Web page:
The New Password Rules: Everything You Thought You Knew Is Wrong

It turns out that everything you thought you knew about creating a secure password is wrong. You know the rules: mix letters and numbers, use special characters like pound signs or exclamation points, use both capital and lowercase characters, make it 10 to 12 characters long, and make sure it isn’t an actual word or phrase.  Something like U2kx9H3&*7q! would be ideal. Plus, change that password every 30 to 90 days.  Well guess what?  The guy that came up with those rules says they’re all wrong.  These strong password rules have been adopted by companies, the government, and websites. Turns out they aren’t that effective.  Yes, it’s safer than 123456 or “password” as a password. But how much safer?

memrise-log-in-again-password.jpg

Bill Burr came up with these rules 18 years ago while working for the National Institute of Standards and Technology.  It turns out that since these passwords are harder to remember, people tend to go for the simple ones. Plus, when they change them, they often only change on or two characters. Also knowing that a site requires one capital letter and one special character can tip hackers off when guessing a password.

Most hackers aren’t trying to guess your password manually. They’re using a program that generates combinations of letters and numbers, trying everyone that’s available. So you end up with passwords that people have problems remembering, but computers can guess pretty easily.

So what are the new rules?

  1. No more changing passwords every month or two.
  2. Get rid of requirements for upper/lower case letters, numbers, and special characters
  3. Create a password up to 64 characters in length. An uncommon phrase familiar only to you is a good choice. Example: “auntsallylovesgreentomatopicklesbutonlyinseasonwithhomemadebread”
  4. Check all passwords against lists of frequently used passwords or passwords that have been compromised.  Click here to visit PWNED Passwords. This site will let you know if your password has been used in any data breaches.

pwned-password

Though many tech companies have been pushing for more biometrics, the new NIST rules warn against relying to heavily on facial recognition, fingerprints and retina scans, saying these should only be one part of security.  Among the suggestions for businesses and others trying to make accounts secure:

  1.  No more security questions or password hints.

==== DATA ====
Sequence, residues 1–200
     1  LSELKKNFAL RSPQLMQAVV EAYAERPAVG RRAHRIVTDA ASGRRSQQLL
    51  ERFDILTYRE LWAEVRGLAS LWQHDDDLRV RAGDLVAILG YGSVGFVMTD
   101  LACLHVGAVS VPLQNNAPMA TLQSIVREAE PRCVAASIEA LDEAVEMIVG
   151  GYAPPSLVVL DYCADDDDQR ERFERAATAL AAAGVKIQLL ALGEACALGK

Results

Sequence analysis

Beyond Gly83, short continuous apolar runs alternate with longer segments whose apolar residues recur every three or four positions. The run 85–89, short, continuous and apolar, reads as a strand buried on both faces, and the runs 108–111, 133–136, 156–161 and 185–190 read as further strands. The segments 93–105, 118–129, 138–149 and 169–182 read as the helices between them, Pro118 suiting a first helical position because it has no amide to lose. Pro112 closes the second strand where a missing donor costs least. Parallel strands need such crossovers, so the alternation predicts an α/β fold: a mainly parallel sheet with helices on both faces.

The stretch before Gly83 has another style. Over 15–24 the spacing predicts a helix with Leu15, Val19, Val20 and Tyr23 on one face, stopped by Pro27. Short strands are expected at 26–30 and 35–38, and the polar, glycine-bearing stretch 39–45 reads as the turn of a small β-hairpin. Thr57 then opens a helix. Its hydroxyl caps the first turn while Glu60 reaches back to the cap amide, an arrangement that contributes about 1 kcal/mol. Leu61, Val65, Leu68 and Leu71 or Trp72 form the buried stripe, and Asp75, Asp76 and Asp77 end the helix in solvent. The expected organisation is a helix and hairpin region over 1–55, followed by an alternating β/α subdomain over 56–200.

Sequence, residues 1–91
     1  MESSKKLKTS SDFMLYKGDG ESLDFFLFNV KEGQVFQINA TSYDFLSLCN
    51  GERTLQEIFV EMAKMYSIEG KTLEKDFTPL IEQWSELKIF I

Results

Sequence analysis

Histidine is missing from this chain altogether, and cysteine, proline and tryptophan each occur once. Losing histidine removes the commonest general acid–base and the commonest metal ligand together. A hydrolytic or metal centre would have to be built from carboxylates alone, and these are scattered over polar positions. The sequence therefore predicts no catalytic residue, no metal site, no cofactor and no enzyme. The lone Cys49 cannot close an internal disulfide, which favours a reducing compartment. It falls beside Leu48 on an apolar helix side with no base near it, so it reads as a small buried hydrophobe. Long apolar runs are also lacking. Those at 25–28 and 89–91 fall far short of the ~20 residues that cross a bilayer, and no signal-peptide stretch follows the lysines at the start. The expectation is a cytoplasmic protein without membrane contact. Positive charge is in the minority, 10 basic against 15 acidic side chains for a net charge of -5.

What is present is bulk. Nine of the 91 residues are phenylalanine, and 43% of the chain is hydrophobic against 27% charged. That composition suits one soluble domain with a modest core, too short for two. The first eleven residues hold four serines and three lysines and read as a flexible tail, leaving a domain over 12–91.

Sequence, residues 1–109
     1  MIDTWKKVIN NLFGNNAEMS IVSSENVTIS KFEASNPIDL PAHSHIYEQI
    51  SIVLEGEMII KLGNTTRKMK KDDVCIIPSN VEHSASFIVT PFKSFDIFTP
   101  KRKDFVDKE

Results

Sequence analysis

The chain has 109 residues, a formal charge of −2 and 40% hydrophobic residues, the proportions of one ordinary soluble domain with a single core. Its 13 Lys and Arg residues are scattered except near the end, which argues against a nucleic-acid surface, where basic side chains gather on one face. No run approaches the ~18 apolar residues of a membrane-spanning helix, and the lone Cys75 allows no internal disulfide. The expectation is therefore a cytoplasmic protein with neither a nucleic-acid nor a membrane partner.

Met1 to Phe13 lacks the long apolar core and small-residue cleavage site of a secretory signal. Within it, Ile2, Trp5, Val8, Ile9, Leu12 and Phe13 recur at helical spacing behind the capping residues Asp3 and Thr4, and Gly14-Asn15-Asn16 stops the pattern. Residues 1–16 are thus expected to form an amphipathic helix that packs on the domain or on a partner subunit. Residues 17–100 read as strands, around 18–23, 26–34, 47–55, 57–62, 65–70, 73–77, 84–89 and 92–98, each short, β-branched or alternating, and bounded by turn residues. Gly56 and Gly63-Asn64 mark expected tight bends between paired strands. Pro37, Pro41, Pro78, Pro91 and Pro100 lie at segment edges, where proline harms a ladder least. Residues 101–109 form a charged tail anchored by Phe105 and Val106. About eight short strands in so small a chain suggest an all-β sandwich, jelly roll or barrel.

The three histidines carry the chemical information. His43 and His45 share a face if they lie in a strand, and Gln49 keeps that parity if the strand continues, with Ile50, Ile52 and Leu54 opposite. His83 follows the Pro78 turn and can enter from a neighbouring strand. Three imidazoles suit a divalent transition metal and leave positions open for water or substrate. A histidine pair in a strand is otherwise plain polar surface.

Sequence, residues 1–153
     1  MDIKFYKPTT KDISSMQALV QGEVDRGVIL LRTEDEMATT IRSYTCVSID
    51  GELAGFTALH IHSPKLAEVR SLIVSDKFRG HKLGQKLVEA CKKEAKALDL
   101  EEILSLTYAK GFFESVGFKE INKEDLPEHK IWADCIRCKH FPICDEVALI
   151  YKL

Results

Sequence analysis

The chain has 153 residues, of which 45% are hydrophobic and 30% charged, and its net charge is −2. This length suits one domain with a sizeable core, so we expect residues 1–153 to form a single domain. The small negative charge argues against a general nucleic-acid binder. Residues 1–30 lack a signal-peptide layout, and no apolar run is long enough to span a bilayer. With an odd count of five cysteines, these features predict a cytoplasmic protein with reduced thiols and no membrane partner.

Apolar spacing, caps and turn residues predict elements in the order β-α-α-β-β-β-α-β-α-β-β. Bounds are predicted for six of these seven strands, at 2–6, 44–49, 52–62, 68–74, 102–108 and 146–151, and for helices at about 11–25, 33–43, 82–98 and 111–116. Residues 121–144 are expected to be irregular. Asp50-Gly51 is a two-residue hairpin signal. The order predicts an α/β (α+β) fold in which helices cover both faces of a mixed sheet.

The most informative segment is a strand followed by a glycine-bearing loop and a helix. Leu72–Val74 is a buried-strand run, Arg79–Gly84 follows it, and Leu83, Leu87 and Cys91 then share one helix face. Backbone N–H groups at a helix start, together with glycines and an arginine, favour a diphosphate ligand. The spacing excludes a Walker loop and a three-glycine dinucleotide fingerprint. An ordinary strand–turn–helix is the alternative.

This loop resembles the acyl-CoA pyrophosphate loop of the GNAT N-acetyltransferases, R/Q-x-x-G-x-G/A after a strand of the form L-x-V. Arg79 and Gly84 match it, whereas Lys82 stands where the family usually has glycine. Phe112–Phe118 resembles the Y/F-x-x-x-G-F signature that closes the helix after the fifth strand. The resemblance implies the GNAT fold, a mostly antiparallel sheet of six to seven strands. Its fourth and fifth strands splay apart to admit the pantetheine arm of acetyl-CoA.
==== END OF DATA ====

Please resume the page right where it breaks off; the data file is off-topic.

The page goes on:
2. A delay of at least 30 seconds after a failed password attempt and allowing no more than 5 consecutive attempts to input a password before shutting down the account.
  3. Require multi-factor authentication.
  4. Do away with requirements for special characters, capital letters, and numbers.
  5. Allow passwords up to 64 characters in length.
  6. Don’t require users to change passwords unless there’s an issue.

What do you think about the new rules? Does it seem like a simpler way to do things? Let us know in the comments.

7 thoughts on “The New Password Rules: Everything You Thought You Knew Is Wrong

  1. It appears the reason for the new advice is that hackers used to know something about you – city, birthday, etc – common easy passwords – but now the hacker uses his computer and bombards the target with thousands of possible passwords. I used to believe that using first letters of a known expression would do the trick. Now it seems bulk over complexity.

    1. The reason for the length is that the longer the phrase, the longer it takes the computer to come up with possible combinations. It takes longer to crack, King Phillip Came Over For Good Scones than KPCOFGS.

  2. Why input a password into a website to see if it has been compromised? Seems illogical and open to more exposure to hacking.

  3. Thanks for the information.

    I have retired for a number of years so my need for extra password security is minimal beyond banking websites. However, I find it difficult to use even the simplest passwords without automatic logins. I can’t imagine attempting to type a 20 character password every time I wanted to open a system or access a website, let alone 64 characters.

    I recently had an issue with paying one of my credit cards. With a change in the banks security system, I could no longer save the login and password and they limit the number of attempts to access the site to no more than five, I think it is three tries. Failure locks the system. The solution is to call customer service to have the account unlocked.

    The last time this happened, I was walked through the process of clearing my cache, which included every login ID and password. I did get access to this account but I am still trying to access accounts that I don’t use on a regular basis.

    With a baking app I understand the issue. However, to prevent me from accessing an organizational app because the banking app needs special treatment is unacceptable.

    Again thanks for the updates. I appreciate it.

Leave a Reply to Mike Fratto Cancel reply

This site uses Akismet to reduce spam. Learn how your comment data is processed.